Here's what I'm hoping for. I hope the movie makes a pile of money, so Rogers can get some real funding to work with for the next episode. I hope he gets the best screenwriter and director money can buy, and turns the series into an epic that just got off to a rough start. If Harry Potter books get a good movie deal, shouldn't the Book of Mormon?
The movie follows Nephi as he leaves Jerusalem with his family, travels through the wilderness, deals with his unruly brothers and eventually reaches the Promised Land.
Over the years, multitudes of LDS Church members have discussed and daydreamed -- often during Sunday School -- about how somebody should make the Book of Mormon into a movie.
Legend even has it that "Ten Commandments" filmmaker Cecil B. DeMille wanted to direct it.
Verily, verily, the oft-fantasized film -- arguably the most common topic of idle Mormon conversation this side of BYU football -- has finally come to pass. Nephi, Lehi, Ishmael and Laban and their epic adventures can be seen on the silver screen next month in a multimillion-dollar motion picture titled "The Book of Mormon Movie, Volume 1: The Journey."
Filmmaker Gary Rogers' vision of First and Second Nephi -- the first two books of the Book of Mormon, which is scripture to members of The Church of Jesus Christ of Latter-day Saints (and what a journal review considers one of "20 Books That Changed America") -- has been shot on high-definition video, with a musical score composed by Robert C. Bowden, former associate conductor of the Mormon Tabernacle Choir.
Rogers has also employed a pioneering ticket-proselytizing plan and, in a touch of showmanship that DeMille would have appreciated, will have camels at Jordan Commons for the world premiere on Sept. 12, the day the film begins its Utah run in several theaters. (Idaho movie houses will start playing it the following week.)
That much is certain -- and the fact that The Osmonds will not be singing a pop version of the primary song "Book of Mormon Stories" on the soundtrack, a la "Singles Ward."
But for the rest of the world, it's a wait-and-maybe-see situation.
The movie's production company, Mormon Movies, brainstormed a barnstorming way to offer the film to far-reaching audiences while also protecting its relatively low budget from being gobbled up by costly outside distribution: If you buy it, they will come.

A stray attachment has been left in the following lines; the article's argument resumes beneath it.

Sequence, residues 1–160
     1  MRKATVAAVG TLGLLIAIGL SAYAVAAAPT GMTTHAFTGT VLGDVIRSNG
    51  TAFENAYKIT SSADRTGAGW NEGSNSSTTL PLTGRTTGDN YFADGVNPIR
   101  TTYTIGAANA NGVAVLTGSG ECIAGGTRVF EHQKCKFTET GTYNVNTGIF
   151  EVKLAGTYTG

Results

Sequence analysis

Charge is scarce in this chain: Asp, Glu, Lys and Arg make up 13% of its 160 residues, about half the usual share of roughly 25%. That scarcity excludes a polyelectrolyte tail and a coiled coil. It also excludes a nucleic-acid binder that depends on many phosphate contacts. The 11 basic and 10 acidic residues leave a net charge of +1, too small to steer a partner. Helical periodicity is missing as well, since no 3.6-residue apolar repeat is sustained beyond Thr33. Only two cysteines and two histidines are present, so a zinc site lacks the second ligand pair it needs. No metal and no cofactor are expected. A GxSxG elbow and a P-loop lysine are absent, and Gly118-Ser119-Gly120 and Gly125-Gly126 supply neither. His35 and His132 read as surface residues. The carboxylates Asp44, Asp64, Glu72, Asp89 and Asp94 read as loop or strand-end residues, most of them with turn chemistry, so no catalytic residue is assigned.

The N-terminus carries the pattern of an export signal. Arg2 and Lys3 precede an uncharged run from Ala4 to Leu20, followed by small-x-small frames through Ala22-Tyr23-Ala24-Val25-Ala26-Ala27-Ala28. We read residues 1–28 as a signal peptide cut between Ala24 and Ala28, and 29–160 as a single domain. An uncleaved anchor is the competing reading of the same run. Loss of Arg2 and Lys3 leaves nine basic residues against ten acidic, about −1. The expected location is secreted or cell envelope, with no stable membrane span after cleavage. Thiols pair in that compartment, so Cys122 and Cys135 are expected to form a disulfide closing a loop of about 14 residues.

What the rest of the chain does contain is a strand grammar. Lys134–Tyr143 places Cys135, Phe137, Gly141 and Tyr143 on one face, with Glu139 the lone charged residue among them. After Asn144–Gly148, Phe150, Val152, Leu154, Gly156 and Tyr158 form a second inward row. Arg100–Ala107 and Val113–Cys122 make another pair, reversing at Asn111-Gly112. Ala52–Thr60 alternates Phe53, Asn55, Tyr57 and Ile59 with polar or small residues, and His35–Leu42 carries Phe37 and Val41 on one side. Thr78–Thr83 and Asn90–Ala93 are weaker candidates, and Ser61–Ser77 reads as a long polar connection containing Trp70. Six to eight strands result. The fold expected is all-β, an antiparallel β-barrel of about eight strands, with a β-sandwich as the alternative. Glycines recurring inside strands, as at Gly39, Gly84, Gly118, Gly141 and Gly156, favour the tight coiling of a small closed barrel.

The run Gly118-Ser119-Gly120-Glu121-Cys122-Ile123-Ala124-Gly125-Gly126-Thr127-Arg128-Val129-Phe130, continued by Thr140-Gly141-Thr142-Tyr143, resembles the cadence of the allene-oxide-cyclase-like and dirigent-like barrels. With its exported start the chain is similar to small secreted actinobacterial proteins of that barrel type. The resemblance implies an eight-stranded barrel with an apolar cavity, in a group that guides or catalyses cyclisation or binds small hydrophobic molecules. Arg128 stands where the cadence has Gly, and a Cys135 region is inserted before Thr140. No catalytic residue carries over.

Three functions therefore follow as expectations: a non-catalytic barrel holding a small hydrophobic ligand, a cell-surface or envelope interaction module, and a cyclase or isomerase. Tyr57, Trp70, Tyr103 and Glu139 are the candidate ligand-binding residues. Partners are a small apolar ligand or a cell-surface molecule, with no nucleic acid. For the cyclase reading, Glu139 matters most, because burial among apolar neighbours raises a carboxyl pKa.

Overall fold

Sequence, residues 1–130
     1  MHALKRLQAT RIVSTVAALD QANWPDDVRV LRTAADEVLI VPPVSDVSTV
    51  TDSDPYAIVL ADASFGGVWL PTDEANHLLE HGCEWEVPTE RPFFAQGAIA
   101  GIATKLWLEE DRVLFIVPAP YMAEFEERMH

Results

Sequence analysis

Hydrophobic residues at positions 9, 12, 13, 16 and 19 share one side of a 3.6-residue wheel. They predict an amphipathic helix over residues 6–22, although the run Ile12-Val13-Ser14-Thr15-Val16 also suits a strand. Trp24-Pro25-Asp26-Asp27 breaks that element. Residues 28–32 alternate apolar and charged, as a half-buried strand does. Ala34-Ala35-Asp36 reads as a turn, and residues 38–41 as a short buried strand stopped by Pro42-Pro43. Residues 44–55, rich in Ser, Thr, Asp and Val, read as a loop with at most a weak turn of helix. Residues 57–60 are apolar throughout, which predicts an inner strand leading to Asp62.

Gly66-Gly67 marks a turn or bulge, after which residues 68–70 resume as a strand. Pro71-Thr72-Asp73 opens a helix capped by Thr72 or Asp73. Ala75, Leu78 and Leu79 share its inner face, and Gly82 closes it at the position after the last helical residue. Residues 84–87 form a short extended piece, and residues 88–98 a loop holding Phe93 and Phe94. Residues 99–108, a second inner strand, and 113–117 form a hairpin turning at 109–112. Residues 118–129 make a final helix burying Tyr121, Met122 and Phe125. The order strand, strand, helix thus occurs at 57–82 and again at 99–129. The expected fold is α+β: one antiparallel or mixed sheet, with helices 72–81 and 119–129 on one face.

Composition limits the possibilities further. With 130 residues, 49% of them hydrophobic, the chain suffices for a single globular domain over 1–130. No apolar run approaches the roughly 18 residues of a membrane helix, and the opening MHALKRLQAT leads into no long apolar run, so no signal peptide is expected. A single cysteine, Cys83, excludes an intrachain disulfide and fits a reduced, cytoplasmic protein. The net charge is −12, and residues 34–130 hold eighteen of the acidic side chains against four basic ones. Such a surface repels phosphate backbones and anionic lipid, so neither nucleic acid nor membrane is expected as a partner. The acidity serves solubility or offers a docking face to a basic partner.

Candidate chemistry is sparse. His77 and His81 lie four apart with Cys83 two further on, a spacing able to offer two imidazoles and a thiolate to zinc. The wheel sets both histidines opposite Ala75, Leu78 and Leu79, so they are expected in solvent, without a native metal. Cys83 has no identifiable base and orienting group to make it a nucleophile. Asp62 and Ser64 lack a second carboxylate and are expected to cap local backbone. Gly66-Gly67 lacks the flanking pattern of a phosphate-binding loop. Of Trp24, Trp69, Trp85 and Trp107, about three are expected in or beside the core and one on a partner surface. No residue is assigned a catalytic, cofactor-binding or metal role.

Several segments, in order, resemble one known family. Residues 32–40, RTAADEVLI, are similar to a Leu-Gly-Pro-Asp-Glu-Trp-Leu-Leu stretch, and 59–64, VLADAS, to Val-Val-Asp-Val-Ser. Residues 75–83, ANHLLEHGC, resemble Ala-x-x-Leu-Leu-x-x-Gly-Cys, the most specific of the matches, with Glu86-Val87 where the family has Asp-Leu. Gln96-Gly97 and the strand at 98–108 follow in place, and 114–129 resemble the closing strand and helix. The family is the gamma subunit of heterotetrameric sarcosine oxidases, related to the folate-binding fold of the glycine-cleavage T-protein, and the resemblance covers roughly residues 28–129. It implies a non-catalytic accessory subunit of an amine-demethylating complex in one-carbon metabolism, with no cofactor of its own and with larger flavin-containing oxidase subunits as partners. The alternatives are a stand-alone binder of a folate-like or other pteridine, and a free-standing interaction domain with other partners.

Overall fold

Outside of Utah and Idaho, Mormon Movies is pre-selling tickets at $7.50 a pop (for all ages) on its Web site at www.bookofmormonmovie.com. Any area in the world will get a local screening for at least one week if about 1,000 tickets are presold. The staff is banking on a couple of Mormon stereotypes to play out -- that the word-of-mouth Relief Society grapevine method works and that people will buy in bulk.
"We hope it works," said Lisa Rogers, director of marketing, who also plays a role as Laban's evil wife. "We've just had such an overwhelming response, and it's like, how do we get this movie out to all the people who want to see it? We'll take it wherever we've got the support."
Cynics might scoff, but a Utah-based film-buyer believes it's worth trying. After all, the movie's primary target audience is 11 million LDS members who are spread far and wide.
"They're just using the Braille method, feeling their way through. Basically, it's just a feeler with some teeth," said David Sharp, whose Film Service Theater Group has booked the movie into the Scera Theater in Orem and several others along the Wasatch Front.
"I've never seen any other studio, independent or major, do exactly this approach in the market place," Sharp said. "These people are selling this film themselves and they have no experience of any kind. This is more reassurance for them than anything. It certainly isn't unreasonable."
Mormon Movies hopes each potential moviegoer will put his money where his mouse is. And the movie's Web site has been swamped, receiving more than 3 million hits last month. And they're not just coming from Utah County, either. E-mails pour in daily from such far-flung regions as Fukuoka, Japan; Lesotho, South Africa; Burgdorf, Switzerland; and El Salvador.